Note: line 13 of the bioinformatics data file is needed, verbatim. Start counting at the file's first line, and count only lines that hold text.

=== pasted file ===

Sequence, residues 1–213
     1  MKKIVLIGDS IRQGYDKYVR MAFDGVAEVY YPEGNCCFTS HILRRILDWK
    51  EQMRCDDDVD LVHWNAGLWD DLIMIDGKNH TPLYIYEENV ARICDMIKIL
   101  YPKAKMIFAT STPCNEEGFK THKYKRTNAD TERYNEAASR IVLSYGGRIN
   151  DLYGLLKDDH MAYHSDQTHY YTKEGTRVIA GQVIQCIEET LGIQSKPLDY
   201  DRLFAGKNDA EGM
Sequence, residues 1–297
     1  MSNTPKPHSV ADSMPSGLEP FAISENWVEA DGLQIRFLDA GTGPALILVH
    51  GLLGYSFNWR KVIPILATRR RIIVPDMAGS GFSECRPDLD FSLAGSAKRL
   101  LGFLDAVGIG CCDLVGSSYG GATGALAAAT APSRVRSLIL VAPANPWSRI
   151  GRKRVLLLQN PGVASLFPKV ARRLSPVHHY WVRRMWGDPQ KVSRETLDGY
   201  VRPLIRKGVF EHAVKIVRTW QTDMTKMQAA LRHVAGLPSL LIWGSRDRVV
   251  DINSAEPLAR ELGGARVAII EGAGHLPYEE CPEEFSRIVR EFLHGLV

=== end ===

   251  DINSAEPLAR ELGGARVAII EGAGHLPYEE CPEEFSRIVR EFLHGLV